Shared Socioeconomic Pathways

The Energy Program (ENE) continued to lead the field of socioeconomic scenarios for the integrated assessment of climate change. In 2015, a series of papers were submitted to a special issue of the journal Global Environmental Change, providing a detailed account of the main characteristics of five Shared Socioeconomic Pathways (SSPs) and related integrated assessment scenarios.

© Beijing Hetuchuangyi Images Co,. Ltd . | Dreamstime

© Beijing Hetuchuangyi Images Co,. Ltd . | Dreamstime

The year 2015 was critical for research regarding the SSPs. Under the coordination of the ENE Program, and with critical contributions by the Ecosystems Services and Management, World Population, and Mitigation of Air Pollution and Greenhouse Gases Programs, no less than fourteen journal articles were submitted to a special issue of Global Environmental Change. This body of research provides a detailed account of the main characteristics of five SSPs and other integrated assessment scenarios. The full assessment will be released to the community in 2016 and will form the main building block of the “new scenario framework” that the community has established for an integrated assessment of climate change mitigation, adaptation, impacts, and vulnerabilities. This will feed into the Intergovernmental Panel on Climate Change Sixth Assessment Report (AR6). Specifically, the papers provide a detailed discussion of the different dimensions of the SSPs, including transition pathways for the energy and land systems as well as associated greenhouse gas emissions. The aim is to offer the community a set of common assumptions for alternative socioeconomic development pathways. The narratives and the quantitative SSPs serve the purpose of providing the Impact, Adaptation, and Vulnerability; Integrated Assessment Modeling and climate modeling communities with information that enables them to use the scenario framework for a new generation of climate research. The special issue is therefore a starting point for new climate change assessments through the lens of the SSPs and the new scenario framework.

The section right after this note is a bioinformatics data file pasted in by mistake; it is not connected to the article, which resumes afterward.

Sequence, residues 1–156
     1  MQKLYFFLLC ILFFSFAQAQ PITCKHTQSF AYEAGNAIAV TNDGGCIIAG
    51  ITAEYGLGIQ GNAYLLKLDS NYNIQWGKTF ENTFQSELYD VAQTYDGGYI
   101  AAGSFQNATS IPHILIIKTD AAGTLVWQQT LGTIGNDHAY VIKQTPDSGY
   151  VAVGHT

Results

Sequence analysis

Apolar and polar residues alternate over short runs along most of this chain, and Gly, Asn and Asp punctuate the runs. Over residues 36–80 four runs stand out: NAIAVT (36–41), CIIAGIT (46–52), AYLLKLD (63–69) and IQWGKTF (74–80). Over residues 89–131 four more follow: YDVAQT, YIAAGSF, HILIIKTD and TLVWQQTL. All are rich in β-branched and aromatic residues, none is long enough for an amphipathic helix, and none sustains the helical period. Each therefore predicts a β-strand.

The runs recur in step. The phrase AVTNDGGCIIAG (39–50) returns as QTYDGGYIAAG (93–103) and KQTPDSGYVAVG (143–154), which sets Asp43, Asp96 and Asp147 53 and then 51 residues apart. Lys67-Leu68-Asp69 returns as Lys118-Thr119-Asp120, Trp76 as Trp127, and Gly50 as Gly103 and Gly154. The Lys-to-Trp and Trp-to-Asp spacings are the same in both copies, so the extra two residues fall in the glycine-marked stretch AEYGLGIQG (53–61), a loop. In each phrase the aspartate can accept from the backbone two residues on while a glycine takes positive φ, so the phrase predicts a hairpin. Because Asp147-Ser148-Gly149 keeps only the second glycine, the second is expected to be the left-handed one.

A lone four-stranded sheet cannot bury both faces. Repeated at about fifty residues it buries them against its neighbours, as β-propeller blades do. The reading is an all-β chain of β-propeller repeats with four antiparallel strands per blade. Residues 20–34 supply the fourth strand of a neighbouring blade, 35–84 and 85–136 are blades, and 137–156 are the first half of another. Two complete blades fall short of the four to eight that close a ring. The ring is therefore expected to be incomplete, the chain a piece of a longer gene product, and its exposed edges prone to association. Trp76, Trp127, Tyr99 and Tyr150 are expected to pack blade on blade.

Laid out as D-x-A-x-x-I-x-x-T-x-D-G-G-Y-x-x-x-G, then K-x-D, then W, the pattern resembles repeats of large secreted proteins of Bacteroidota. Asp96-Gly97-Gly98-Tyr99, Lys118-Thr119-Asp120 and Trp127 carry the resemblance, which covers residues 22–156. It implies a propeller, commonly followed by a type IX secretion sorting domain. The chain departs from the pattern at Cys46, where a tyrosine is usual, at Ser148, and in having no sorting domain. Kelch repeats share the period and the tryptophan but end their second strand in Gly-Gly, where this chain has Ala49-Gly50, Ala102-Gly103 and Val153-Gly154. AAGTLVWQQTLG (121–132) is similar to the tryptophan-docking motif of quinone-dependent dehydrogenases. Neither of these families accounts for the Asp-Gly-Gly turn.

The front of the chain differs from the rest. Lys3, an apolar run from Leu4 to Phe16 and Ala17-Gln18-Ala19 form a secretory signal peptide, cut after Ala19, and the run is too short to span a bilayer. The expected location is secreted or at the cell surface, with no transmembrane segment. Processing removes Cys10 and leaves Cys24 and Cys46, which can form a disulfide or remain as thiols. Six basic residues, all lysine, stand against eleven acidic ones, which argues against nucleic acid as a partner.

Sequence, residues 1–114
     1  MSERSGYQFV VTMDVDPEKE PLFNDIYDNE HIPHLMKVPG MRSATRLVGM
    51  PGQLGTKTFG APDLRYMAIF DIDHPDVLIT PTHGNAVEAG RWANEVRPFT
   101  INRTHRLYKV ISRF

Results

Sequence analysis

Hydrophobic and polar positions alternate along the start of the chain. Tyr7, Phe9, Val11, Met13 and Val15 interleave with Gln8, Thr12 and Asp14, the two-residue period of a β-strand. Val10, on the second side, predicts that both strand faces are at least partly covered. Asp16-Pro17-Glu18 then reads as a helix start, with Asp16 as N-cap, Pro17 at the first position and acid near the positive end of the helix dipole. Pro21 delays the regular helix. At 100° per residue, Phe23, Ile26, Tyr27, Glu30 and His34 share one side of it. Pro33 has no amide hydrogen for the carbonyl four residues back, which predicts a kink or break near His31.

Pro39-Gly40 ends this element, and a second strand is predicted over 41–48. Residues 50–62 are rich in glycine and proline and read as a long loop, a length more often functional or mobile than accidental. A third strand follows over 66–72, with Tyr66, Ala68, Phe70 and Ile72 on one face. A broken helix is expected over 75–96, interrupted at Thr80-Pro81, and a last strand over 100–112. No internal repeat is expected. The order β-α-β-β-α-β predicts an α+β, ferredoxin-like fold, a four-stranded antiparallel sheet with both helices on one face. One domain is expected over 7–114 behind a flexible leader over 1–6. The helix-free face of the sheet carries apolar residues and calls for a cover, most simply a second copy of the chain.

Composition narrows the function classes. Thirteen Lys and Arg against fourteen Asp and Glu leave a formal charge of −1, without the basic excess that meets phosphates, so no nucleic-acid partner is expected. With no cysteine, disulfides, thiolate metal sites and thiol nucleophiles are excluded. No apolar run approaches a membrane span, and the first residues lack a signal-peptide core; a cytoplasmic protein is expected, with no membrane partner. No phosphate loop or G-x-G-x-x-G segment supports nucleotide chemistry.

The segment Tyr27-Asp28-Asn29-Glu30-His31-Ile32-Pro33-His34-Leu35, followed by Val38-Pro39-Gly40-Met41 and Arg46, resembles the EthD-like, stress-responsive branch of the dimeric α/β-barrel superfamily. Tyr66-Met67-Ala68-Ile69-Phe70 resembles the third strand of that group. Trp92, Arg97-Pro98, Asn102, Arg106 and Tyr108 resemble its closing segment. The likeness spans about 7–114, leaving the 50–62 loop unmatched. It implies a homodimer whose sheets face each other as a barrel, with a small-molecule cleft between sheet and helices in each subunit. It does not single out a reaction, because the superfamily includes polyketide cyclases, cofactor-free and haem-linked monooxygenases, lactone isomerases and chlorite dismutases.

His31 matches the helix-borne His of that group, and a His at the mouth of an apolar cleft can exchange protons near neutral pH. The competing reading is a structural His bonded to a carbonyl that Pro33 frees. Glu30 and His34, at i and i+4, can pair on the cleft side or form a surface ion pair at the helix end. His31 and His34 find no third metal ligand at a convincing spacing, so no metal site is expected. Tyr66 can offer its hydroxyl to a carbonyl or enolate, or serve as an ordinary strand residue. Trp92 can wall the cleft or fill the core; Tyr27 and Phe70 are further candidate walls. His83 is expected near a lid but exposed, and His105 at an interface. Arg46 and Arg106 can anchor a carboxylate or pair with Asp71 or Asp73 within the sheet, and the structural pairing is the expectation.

Collaborators

Potsdam Institute for Climate Impact Research (PIK), Germany

PBL Netherlands Environmental Assessment Agency

Pacific Northwest National Laboratory (PNNL), USA

National Institute for Environmental Studies (NIES), Japan

Fondazione Eni Enrico Mattei (FEEM), Italy

National Center for Atmospheric Research (NCAR), USA

Organisation for Economic Co-operation and Development (OECD) 


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Last edited: 13 May 2016

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